FREQUENTLY ASKED QUESTIONS [FAQ]
How often should a sewing machine be serviced?
Sewing machines and sergers should be professionally serviced yearly, especially if you are not using them regularly. Remember, a sewing machine is a piece of machinery with moving parts. Your machine can lock up if it is not serviced on a regular basis. A good service person adjusts tension and timing during regular service, as well as cleaning areas of the machine that you cannot reach without taking the machine completely apart. Simply cleaning out the lint and oiling the machine yourself, although important, is not the same as having the machine properly serviced by a professional.
Can I used canned air in my machine to clean it?
Do not use canned air on a sewing machine. You will blow as much lint into the machine as you will blow out, covering all oiled parts in fine grit, causing premature wear. You can use a Q-tip or micro-vacuum to remove the lint from your bobbin area.
How often should I change the needle?
Your needle should be changed every eight hours of sewing time. Think about how many times the needle is going up and down through fabric when you're sewing. That's a lot of friction, dulling the needle. A dull needle punches holes rather than slipping through the weave, breaking the threads in your fabric. Needles are inexpensive, so change them often.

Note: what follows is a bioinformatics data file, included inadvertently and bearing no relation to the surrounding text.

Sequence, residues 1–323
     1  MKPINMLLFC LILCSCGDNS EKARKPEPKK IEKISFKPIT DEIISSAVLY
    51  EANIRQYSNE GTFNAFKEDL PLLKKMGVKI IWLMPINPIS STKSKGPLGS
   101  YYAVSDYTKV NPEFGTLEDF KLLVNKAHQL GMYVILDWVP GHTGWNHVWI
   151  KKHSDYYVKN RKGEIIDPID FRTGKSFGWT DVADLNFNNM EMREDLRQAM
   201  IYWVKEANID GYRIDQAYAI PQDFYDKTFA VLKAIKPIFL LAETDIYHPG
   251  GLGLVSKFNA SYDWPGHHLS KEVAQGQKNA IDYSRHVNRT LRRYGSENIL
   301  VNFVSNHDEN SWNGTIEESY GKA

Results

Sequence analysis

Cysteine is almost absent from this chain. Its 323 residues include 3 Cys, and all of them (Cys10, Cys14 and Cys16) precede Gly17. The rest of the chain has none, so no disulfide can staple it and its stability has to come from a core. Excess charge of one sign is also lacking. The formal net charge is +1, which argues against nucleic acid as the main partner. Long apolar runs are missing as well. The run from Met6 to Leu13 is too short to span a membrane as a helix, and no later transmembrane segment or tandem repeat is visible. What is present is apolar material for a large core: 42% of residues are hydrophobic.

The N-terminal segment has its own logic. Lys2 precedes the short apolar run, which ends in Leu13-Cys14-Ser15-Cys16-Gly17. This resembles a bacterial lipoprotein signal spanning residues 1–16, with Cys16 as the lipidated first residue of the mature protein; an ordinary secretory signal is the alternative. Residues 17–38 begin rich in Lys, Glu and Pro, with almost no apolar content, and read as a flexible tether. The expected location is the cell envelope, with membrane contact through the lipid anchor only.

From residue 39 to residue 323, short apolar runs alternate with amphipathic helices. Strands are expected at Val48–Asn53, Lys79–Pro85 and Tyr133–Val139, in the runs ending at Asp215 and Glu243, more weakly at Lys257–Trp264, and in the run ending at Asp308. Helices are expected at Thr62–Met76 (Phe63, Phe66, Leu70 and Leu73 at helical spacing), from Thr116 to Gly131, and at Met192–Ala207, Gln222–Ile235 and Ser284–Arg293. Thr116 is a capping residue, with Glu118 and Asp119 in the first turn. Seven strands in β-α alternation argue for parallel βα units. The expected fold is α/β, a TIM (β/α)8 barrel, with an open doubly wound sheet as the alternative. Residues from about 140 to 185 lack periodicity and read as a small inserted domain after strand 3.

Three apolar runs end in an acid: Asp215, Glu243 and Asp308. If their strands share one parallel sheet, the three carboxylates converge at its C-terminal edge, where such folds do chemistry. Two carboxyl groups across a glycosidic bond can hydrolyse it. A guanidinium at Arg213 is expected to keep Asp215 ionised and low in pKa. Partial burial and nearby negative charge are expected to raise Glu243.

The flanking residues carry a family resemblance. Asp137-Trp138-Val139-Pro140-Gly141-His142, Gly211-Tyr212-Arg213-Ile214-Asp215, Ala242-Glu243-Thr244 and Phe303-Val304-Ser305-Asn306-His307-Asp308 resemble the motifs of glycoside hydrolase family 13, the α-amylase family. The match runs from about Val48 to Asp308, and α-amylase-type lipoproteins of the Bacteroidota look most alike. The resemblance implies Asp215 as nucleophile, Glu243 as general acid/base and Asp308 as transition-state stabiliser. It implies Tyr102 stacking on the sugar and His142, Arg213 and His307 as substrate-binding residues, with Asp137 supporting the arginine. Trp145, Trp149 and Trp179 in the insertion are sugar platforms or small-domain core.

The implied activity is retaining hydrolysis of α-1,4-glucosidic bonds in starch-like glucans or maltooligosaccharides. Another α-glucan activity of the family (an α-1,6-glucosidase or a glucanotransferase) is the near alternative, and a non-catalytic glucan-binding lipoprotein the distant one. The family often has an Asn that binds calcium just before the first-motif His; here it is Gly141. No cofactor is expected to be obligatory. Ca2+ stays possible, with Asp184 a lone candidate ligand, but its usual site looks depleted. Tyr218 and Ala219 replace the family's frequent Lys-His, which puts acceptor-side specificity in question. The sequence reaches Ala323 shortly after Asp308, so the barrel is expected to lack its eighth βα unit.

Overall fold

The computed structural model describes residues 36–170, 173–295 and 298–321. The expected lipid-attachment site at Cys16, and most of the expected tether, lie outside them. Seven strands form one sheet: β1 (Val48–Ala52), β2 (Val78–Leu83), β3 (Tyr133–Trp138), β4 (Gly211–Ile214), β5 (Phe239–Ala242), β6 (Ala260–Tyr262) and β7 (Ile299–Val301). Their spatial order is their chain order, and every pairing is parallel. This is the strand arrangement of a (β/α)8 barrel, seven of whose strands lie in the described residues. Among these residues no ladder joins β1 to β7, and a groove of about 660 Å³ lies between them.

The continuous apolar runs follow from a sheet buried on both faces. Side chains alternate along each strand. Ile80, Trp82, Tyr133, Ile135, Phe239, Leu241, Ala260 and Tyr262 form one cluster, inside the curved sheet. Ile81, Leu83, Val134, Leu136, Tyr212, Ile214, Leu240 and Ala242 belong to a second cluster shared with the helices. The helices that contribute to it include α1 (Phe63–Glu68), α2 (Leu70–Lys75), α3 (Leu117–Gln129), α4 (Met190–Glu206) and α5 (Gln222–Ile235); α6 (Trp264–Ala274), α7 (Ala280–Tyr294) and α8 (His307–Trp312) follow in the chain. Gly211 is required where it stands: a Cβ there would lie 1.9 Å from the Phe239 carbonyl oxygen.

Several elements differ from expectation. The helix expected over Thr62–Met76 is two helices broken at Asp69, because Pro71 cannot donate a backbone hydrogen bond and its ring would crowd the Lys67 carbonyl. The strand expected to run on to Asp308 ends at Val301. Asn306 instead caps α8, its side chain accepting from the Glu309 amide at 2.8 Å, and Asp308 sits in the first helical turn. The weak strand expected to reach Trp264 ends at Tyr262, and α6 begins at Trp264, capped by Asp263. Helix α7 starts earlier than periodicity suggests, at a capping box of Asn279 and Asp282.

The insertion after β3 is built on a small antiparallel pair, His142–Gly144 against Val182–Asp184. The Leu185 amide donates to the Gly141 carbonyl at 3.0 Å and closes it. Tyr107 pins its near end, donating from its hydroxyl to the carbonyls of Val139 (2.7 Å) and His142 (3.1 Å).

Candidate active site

Are computerized machines harder to use and do they have more problems than the older mechanical sewing machines?
Computerized sewing machines are much, much easier to use. Your stitch length, width, and tension are automatically set with the touch of a button. There are fewer tension problems with computerized sewing machines, so you don't have to waste time struggling with tension.
My old sewing machine is all metal. New sewing machines are all plastic!
This is just not true. The metal casing on older machines does not make the machines sew any better. It’s what’s on the inside that counts. Today’s quality sewing machines are all metal on the insides. The casings are plastic to make the machine lighter and more portable.